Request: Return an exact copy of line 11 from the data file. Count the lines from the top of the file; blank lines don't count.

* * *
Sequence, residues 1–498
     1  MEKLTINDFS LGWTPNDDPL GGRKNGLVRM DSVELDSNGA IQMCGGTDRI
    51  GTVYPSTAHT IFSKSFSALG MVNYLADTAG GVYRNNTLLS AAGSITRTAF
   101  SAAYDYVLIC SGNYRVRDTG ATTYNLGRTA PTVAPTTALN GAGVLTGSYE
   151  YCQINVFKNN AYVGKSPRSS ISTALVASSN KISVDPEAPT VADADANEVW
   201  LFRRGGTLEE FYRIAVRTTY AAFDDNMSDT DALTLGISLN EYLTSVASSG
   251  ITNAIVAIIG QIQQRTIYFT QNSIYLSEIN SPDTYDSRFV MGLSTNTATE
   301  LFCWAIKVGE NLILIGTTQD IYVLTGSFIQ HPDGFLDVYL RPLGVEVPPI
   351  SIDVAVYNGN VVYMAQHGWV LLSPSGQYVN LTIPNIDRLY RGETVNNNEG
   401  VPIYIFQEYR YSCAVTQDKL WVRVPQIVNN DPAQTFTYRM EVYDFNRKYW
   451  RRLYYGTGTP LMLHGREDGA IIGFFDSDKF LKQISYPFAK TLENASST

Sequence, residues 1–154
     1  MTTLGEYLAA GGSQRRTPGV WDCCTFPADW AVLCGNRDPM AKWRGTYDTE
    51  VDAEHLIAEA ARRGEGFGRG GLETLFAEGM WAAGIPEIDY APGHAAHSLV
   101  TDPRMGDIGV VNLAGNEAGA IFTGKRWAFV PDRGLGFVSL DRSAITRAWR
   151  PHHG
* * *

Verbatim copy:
   451  RRLYYGTGTP LMLHGREDGA IIGFFDSDKF LKQISYPFAK TLENASST